Thursday, November 11, 2010

Lady Windermere's Fan

Finished Lady Windermere's Fan by Oscar Wilde. This comedic send-up of Victorian morals is not only humorous, but suspenseful as well. A quick and enjoyable read. It's been years since I read any Wilde.

Tuesday, November 9, 2010

The Return of the Native

Finished The Return of the Native by Thomas Hardy. A seemingly bucolic novel, typical of Hardy, turns dark and tragic when several of its characters allow misunderstanding to rule their decision-making. Much like Tess of the d'urbervilles, an important letter goes unread and leads to disaster.

Hardy's prose is rich with both negative, "All the shallower ponds had decreased to a vaporous mud amid which the maggoty shapes of innumerable obscure creatures could be indistinctly seen, heaving and wallowing with enjoyment." and positive descriptions "Winter again came round, with its winds, frosts, tame robins, and sparkling starlight." I always like to start a Hardy novel in mid-summer and finish it in the fall. This is my 200th blog post.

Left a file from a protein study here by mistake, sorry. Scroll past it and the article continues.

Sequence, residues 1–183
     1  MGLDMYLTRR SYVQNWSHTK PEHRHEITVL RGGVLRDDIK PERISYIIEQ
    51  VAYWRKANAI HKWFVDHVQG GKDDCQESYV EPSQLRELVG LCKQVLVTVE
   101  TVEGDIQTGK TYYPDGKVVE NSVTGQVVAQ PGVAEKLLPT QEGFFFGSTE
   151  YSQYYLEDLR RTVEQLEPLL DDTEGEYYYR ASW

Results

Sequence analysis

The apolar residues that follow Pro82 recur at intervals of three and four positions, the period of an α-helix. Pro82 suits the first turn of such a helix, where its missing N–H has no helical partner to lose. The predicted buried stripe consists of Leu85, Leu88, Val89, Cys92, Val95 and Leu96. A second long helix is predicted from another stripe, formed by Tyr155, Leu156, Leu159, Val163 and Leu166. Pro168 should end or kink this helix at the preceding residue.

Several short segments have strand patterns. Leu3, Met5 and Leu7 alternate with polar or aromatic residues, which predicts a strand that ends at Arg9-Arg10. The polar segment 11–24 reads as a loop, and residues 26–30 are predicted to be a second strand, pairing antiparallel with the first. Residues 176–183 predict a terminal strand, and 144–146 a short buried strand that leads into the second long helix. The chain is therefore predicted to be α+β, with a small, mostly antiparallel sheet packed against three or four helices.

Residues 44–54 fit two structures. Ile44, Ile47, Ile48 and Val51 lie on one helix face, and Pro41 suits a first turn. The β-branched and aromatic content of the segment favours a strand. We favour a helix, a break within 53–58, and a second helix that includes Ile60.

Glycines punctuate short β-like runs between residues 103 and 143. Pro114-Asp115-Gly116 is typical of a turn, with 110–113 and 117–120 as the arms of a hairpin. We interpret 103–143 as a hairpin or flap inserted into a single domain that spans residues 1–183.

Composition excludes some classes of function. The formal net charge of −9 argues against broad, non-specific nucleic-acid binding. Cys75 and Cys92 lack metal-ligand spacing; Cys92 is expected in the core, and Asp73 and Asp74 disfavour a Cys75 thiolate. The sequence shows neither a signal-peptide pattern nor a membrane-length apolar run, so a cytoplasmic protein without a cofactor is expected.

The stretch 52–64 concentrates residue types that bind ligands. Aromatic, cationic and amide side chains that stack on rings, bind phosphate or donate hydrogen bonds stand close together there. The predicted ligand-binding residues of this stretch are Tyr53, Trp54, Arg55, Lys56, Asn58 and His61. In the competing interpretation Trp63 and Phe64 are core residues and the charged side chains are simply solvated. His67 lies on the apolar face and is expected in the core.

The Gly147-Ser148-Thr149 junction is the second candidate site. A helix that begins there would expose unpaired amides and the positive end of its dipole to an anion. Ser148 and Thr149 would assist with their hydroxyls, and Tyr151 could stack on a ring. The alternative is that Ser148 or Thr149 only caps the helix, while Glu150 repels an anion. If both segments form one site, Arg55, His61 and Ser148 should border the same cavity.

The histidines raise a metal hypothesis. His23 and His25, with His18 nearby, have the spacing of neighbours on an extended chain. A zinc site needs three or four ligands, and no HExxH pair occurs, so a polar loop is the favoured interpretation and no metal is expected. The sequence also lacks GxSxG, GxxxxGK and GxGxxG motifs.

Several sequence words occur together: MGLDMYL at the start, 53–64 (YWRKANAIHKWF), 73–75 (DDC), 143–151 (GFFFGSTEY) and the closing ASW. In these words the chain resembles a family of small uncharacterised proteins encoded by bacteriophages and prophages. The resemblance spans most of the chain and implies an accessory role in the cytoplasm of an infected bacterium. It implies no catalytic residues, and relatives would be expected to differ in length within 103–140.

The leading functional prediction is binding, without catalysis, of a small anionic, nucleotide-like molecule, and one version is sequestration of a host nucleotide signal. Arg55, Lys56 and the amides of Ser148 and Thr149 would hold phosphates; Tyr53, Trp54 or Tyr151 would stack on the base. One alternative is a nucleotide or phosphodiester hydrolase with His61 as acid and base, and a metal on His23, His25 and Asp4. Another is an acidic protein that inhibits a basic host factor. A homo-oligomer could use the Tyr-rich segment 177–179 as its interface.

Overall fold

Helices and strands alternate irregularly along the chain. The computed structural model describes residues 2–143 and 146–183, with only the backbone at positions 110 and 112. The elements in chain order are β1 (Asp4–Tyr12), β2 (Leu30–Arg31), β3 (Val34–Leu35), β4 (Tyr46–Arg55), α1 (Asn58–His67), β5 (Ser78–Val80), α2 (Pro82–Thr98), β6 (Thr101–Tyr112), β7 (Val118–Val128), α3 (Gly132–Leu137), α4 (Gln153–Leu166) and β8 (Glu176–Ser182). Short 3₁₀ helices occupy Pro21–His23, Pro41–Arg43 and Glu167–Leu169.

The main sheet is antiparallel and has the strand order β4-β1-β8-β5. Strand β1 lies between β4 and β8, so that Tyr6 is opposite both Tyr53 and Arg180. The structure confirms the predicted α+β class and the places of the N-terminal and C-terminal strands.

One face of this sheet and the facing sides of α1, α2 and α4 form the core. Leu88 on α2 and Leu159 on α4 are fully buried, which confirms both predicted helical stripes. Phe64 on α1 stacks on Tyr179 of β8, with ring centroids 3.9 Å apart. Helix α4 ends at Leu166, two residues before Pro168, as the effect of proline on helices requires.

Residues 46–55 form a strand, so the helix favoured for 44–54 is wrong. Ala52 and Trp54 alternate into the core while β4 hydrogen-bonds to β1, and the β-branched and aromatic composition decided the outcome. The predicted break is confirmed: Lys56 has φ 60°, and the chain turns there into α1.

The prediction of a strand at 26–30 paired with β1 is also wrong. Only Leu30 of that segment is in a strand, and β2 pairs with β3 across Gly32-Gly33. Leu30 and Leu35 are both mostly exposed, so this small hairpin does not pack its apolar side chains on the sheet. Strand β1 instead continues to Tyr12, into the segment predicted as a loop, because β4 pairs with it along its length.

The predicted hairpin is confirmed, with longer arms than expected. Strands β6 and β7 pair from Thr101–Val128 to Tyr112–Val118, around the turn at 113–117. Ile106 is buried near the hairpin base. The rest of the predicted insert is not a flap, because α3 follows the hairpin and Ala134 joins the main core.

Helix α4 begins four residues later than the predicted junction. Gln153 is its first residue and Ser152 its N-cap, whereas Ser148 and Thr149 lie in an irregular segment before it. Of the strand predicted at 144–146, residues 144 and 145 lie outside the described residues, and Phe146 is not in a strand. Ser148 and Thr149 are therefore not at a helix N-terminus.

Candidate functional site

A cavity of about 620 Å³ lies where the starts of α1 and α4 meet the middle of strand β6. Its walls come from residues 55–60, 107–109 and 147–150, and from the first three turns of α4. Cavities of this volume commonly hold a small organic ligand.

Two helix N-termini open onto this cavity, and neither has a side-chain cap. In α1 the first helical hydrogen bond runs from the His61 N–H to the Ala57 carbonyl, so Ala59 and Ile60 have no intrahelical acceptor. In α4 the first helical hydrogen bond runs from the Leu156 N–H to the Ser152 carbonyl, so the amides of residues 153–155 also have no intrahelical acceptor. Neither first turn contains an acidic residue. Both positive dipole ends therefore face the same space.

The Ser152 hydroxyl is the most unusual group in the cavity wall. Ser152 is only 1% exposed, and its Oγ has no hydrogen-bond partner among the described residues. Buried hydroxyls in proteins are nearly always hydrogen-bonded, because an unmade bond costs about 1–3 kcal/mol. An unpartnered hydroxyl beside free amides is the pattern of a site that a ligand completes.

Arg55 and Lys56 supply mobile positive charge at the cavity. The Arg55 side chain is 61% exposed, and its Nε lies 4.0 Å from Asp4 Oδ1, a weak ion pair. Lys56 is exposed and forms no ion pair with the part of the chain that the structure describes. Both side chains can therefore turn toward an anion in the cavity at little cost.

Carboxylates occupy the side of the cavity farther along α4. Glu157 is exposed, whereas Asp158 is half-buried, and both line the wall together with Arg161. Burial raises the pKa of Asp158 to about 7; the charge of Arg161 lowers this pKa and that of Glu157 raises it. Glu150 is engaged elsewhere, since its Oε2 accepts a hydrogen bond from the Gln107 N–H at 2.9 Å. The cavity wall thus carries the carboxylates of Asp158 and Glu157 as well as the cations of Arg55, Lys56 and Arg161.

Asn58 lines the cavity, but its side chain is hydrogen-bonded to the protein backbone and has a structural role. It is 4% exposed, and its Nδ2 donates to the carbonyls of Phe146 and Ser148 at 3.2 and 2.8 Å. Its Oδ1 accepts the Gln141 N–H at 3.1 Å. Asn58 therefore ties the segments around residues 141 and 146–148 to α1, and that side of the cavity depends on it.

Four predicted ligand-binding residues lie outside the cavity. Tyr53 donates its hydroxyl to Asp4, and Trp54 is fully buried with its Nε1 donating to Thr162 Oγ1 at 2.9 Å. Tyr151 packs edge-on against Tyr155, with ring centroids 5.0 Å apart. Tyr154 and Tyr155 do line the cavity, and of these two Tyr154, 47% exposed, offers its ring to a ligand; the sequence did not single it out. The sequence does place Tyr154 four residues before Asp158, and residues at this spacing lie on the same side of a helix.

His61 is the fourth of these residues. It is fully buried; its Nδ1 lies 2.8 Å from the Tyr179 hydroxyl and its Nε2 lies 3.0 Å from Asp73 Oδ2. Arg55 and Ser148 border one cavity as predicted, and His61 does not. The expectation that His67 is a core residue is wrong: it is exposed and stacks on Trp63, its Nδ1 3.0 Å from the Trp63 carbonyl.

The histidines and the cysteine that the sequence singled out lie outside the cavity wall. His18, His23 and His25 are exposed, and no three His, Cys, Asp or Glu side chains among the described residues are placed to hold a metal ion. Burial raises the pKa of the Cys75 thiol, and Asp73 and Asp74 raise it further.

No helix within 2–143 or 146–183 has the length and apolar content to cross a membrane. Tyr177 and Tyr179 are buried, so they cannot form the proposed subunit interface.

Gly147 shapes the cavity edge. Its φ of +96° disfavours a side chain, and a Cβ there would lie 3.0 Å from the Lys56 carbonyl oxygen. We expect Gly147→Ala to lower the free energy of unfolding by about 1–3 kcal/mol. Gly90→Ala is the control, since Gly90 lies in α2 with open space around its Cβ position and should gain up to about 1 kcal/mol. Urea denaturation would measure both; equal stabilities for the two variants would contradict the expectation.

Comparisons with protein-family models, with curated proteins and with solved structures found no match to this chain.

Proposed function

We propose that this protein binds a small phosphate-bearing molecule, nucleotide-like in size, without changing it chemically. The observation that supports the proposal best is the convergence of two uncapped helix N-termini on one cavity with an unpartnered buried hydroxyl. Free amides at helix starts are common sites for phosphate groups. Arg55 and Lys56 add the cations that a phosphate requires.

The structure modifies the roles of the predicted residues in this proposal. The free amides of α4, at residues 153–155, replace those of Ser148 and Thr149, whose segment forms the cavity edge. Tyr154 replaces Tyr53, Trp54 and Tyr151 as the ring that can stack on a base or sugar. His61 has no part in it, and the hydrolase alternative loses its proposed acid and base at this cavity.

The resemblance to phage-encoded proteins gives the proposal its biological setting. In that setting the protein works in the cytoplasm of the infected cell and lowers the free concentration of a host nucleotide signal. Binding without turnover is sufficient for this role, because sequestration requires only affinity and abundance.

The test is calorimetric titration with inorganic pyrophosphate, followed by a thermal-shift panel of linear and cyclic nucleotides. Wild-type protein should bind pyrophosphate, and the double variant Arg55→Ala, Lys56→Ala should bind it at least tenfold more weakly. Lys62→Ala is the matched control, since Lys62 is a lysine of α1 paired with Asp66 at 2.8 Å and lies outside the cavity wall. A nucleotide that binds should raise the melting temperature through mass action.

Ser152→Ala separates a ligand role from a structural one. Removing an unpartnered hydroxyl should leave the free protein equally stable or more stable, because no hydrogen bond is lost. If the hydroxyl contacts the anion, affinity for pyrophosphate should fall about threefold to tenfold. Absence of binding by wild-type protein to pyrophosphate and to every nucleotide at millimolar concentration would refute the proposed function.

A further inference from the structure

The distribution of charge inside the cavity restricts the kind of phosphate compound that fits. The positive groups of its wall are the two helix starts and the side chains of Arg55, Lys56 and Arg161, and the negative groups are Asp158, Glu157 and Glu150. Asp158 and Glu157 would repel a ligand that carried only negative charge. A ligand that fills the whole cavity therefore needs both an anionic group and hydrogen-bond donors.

Monday, November 8, 2010

Roller Skates

Finished Roller Skates by Ruth Sawyer. It won the Newbery Medal in 1937. Set in the 1890s it is the story of Lucinda, a ten year old girl who lives with her teacher in a boarding house in New York while her family is in Europe. Lucinda considers herself an orphan during this time and builds herself a new family from the many different people she befriends while skating all over the city. From Rags and Bottles the junk man she meets while picnicking in an empty lot, to the Asian princess who she later finds murdered, the people she meets are all drawn to her. I feel like this book took a lot of risks for its time with murder, swearing and the death of a small child, but it was an extremely satisfying read.

Sawyer also won the Caldecott Honor Medal in 1945 for The Christmas Anna Angel and again in 1956 for Journey Cake, Ho!, which was illustrated by her son-in-law Robert McCloskey.